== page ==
William Corwin at artcritical:
Within the high walls of a cloistered garden, a young man falls in love with a rose, but seeking every possible avenue through which to attain his affection, it becomes increasingly clear he can never have it without destroying that aspect of it which he loves. With the general plot line of the original “Romance of the Rose” (1230 CE) in our minds, and its universal ramifications for all human relationships, we can follow the path that Anselm Kiefer weaves in his newest exhibition, “Transition from Cool to Warm,” rich with themes of sexuality, eroticism, femininity and longing. Though bookended with several massive paintings, the heart of the exhibition comprises watercolors and books. The exhibition has also been, to extend the metaphor, bookmarked by two events: an interview with Paul Holdengräber at The New York Public Library and an intimate demonstration of the plaster-soaked-cardboard books taken out of their vitrines at the gallery. These extra-curricular activities allowed the viewer into Kiefer’s thorny garden, and explicated a profound transition of the artist/author from his pulpit of philosopher and historian to a much more earthy place, looking up at the stars with the rest of us.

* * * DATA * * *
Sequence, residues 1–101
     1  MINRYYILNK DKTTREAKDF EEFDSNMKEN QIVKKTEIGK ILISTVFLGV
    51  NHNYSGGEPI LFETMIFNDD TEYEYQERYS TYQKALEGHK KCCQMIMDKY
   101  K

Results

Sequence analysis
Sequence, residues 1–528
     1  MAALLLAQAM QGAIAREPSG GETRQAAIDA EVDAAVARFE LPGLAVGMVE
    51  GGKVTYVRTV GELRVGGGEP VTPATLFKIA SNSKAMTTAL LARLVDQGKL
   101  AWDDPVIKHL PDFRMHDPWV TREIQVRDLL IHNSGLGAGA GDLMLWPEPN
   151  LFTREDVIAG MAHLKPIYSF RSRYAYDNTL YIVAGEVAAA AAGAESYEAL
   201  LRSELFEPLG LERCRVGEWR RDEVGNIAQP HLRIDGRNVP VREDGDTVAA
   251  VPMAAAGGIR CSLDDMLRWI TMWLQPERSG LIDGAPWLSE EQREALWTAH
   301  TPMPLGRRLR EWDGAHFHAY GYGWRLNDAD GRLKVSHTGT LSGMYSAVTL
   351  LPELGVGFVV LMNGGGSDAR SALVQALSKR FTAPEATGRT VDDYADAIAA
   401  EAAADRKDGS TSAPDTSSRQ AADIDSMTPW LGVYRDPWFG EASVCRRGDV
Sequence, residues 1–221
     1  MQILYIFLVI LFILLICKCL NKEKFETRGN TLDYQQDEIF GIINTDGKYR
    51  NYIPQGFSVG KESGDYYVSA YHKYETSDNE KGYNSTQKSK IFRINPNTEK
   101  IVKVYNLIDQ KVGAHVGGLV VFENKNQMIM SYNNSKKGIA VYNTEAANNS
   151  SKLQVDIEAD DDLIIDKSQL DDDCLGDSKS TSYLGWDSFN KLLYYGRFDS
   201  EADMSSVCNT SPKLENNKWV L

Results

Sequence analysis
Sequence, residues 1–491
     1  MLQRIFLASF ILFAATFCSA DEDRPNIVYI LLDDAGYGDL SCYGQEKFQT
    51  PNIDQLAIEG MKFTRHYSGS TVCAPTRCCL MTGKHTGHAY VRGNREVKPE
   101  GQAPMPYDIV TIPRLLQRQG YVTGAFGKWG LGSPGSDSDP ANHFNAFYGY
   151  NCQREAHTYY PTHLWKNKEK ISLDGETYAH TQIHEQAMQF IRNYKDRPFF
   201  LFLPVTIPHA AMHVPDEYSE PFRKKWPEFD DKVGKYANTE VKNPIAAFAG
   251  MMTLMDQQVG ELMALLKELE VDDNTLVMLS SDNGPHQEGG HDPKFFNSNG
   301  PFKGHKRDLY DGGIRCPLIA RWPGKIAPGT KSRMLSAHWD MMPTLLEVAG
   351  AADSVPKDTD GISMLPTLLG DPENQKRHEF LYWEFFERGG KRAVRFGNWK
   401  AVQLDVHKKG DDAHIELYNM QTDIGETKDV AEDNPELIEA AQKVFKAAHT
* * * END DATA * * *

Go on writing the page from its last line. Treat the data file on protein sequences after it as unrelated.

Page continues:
The exhibition has been laid out along the plan of a basilica, with a pair of rooms as aisles on either side of a main nave. The inner sanctum of the gallery contains a presentation of Kiefer’s newest one-off art books—hybrid objects that ensnare a dizzying number of references: to Wagner and Nordic mythology, Abrahamic traditions, Rodin, Picasso and the modern conception of data storage and presentation.